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Paradise PD is an American adult animation comedy web television series created by Waco O'Guin and Roger Black that premiered on August 30 , 2018 on Netflix. The series stars Dana Snyder, Cedric Yarbrough, David Herman, Tom Kenny, Sarah Chalke, and Kyle Kinane.

Paradise PD
Paradise PD Logo.jpg
Genre
Created by
Voices of
Composer(s)
  • Nicolas Barry
  • Tomas Jacobi
  • Rene Garza Aldape
  • Alejandro Valencia
Country of origin United States
Original language(s) English
No. of seasons 1
No. of episodes 10 (list of episodes)
Production
Executive producer(s)
  • Waco O'Guin
  • Roger Black
  • Scott Greenberg
  • Joel Kuwahara
  • Marc Provissiero
Producer(s)
  • Rocky Russo
  • Jeremy Sosenko
Editor(s) Jeff Cannell
Running time 27–29 minutes
Production company(s)
Release
Original network Netflix
Original release August 31, 2018 (2018-08-31) – present (present)
External links
Official website

Contents

PremiseEdit

Paradise PD follows "a small-town police department. They're bad cops. Not bad like no nonsense. Not bad like cool. Bad like shitty."[1]

Cast and charactersEdit

MainEdit

  • Sarah Chalke as Gina Jabowski, a violent police officer who often sexually harasses Dusty due to a fat fetish.
  • David Herman as Kevin Crawford, a slightly overweight newly-hired police officer and the son of Chief Randall Crawford.
  • Tom Kenny as Chief Randall Crawford, the police chief of Paradise PD and Kevin's father.
  • Kyle Kinane as Bullet, a police dog who is addicted to the confiscated drugs that he is tasked with guarding.
  • Cedric Yarbrough as Gerald "Fitz" Fitzgerald, an African-American police officer who suffers from PTSD.

RecurringEdit

  • Dana Snyder as Dusty Marlow, an obese police officer who is constantly being sexually harassed by Gina.
    • Snyder also voices Stanley Hopson, an elderly police officer who often get sent to do out of the ordinary assignments by Chief Crawford.
  • Grey Griffin as Mayor Karen Crawford, the mayor of Paradise, Kevin's mother, and Randall's ex-wife.
  • Waco O'Guin as Robbie, a blonde redneck who sells argyle meth.
  • Roger Black as Delbert, Robbie's best friend and sidekick who also sells argyle meth.

EpisodesEdit

No.TitleDirected byWritten byOriginal release date
1"Welcome to Paradise"Matt GarofaloRoger Black & Waco O'GuinAugust 31, 2018 (2018-08-31)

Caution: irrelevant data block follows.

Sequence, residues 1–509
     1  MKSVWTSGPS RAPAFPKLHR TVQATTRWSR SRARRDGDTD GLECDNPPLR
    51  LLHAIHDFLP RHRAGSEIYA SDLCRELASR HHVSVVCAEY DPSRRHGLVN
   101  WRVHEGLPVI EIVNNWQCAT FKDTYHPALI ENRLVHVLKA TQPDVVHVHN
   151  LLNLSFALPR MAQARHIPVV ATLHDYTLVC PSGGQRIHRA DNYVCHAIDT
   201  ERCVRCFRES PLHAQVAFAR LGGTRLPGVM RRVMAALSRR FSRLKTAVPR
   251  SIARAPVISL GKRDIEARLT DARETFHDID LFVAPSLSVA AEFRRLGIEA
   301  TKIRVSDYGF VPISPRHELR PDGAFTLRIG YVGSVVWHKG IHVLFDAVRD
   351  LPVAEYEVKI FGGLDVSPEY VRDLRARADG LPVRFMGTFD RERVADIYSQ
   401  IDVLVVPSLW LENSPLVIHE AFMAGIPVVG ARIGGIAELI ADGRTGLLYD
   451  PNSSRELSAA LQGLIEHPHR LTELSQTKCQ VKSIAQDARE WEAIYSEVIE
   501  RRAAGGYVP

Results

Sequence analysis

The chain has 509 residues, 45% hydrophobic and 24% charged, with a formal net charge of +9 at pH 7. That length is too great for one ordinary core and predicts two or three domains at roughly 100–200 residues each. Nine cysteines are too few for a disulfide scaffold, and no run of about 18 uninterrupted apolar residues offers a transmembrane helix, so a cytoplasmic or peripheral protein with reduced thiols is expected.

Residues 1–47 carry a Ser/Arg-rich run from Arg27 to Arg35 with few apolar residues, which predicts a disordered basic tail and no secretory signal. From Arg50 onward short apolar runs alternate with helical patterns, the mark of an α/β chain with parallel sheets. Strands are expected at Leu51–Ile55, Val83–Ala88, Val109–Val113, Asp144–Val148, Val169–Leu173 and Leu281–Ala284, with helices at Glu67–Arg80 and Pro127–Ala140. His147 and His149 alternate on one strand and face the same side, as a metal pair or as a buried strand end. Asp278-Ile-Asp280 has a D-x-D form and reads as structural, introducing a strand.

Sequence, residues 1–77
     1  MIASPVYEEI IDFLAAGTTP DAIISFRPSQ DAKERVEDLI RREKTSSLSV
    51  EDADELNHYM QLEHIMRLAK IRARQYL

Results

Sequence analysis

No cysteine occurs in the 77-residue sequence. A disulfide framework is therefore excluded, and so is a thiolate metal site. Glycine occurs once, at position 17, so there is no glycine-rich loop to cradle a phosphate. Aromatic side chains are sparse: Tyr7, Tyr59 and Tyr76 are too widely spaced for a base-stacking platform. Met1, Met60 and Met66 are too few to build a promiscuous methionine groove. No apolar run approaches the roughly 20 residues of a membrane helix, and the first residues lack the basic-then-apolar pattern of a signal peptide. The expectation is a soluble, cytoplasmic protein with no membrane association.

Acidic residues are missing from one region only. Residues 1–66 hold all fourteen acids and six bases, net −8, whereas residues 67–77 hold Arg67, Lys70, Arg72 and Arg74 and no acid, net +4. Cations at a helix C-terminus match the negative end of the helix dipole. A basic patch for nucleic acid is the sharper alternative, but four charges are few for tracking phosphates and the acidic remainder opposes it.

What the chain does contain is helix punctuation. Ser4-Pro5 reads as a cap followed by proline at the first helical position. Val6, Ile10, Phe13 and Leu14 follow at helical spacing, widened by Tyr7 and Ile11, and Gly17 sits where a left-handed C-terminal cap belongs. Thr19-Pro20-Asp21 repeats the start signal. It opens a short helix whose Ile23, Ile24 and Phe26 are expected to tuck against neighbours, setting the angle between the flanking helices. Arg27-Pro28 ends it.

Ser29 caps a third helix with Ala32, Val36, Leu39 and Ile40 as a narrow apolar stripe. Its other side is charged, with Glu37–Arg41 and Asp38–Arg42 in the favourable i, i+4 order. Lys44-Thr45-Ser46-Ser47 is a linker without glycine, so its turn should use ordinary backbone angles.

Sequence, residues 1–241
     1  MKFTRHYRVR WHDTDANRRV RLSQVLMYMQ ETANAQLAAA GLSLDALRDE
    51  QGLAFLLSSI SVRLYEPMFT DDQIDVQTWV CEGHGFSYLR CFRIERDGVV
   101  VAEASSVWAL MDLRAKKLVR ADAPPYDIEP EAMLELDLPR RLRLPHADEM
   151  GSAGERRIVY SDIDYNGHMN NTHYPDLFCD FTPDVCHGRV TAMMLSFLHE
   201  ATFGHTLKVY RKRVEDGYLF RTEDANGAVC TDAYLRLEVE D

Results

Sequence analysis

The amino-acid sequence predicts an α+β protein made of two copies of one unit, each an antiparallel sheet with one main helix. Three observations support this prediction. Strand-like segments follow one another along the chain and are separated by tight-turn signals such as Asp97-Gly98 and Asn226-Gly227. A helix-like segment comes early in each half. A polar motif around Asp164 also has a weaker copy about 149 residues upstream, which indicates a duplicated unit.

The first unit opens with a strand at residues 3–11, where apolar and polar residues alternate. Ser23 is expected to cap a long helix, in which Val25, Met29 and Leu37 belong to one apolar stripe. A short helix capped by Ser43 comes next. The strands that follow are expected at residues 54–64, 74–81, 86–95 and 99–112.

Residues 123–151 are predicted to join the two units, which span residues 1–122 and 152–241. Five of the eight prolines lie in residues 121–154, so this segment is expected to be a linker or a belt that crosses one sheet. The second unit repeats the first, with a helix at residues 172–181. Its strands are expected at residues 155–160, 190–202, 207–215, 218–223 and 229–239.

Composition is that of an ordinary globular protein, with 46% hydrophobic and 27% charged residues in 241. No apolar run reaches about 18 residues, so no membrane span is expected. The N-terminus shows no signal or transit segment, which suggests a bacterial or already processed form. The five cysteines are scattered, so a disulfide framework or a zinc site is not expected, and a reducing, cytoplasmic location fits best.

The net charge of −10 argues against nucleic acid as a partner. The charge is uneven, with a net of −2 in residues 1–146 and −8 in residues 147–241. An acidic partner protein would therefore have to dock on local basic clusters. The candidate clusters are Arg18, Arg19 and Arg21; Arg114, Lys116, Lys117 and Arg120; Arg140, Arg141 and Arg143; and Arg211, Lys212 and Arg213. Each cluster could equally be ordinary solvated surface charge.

2"Ass on the Line"Brian MainolfiRoger Black & Waco O'GuinAugust 31, 2018 (2018-08-31)
3"Black & Blue"Lauren AndrewsAaron LeeAugust 31, 2018 (2018-08-31)
4"Karla"Fill Marc SagadracaRocky Russo & Jeremy SosenkoAugust 31, 2018 (2018-08-31)
5"Dungeons & Dragnet"Matt GarofaloRoger Black & Waco O'GuinAugust 31, 2018 (2018-08-31)
6"Meet the Jabowskis"Brian MainolfiAmy Pocha & Seth CohenAugust 31, 2018 (2018-08-31)
7"Police Academy"Lauren AndrewsAaron LeeAugust 31, 2018 (2018-08-31)
8"Task Force"Fill Marc SagadracaRocky Russo & Jeremy SosenkoAugust 31, 2018 (2018-08-31)
9"Parent Trap"Matt GarofaloMichael RoweAugust 31, 2018 (2018-08-31)
10"Christmas in Paradise"Brian MainolfiRoger Black & Waco O'GuinAugust 31, 2018 (2018-08-31)

ProductionEdit

DevelopmentEdit

On April 4, 2018, Netflix announced that they had given the production a straight-to-series order for a first season consisting of ten episodes. The series was created by Waco O'Guin and Roger Black.[2] Production company and animation studio Bento Box Entertainment was expected to produce the series alongside Odenkirk Provissiero Entertainment.[1][3][4][5]

CastingEdit

Alongside the initial series announcement, it was reported that Dana Snyder, Cedric Yarbrough, David Herman, Tom Kenny, Sarah Chalke, and Kyle Kinane had been cast in series regular roles.[1]

ReleaseEdit

On July 25, 2018, the first trailer for the series was released alongside the announcement that it would premiere on August 31, 2018.[6]

ReceptionEdit

"Paradise PD" has a "Fresh" audience score of 64% on Rotten Tomatoes,[7] The show has thus far received mixed reviews from television critics. Florian Ques of Konbini said, “The most thrilling aspect of Paradise PD is its natural ability to slip in some real burns aimed at pop culture figures. The humor used to criticize them is very well-executed." [8] Others offered criticism aimed at the extreme gross out comedy and lack of likable characters, as well as resemblances to the creators' previous animated sitcom, Brickleberry. Joel Keller of Decider said, "If it were just a little bit funnier, we'd recommend it. But it's just not worth sitting through the many unfunny, dirty gags to get to the good stuff",[9] while Audra Schroeder of The Daily Dot pronounced, " Paradise PD is blunt-force humor without much emotional attachment."[10]

ReferencesEdit

External linksEdit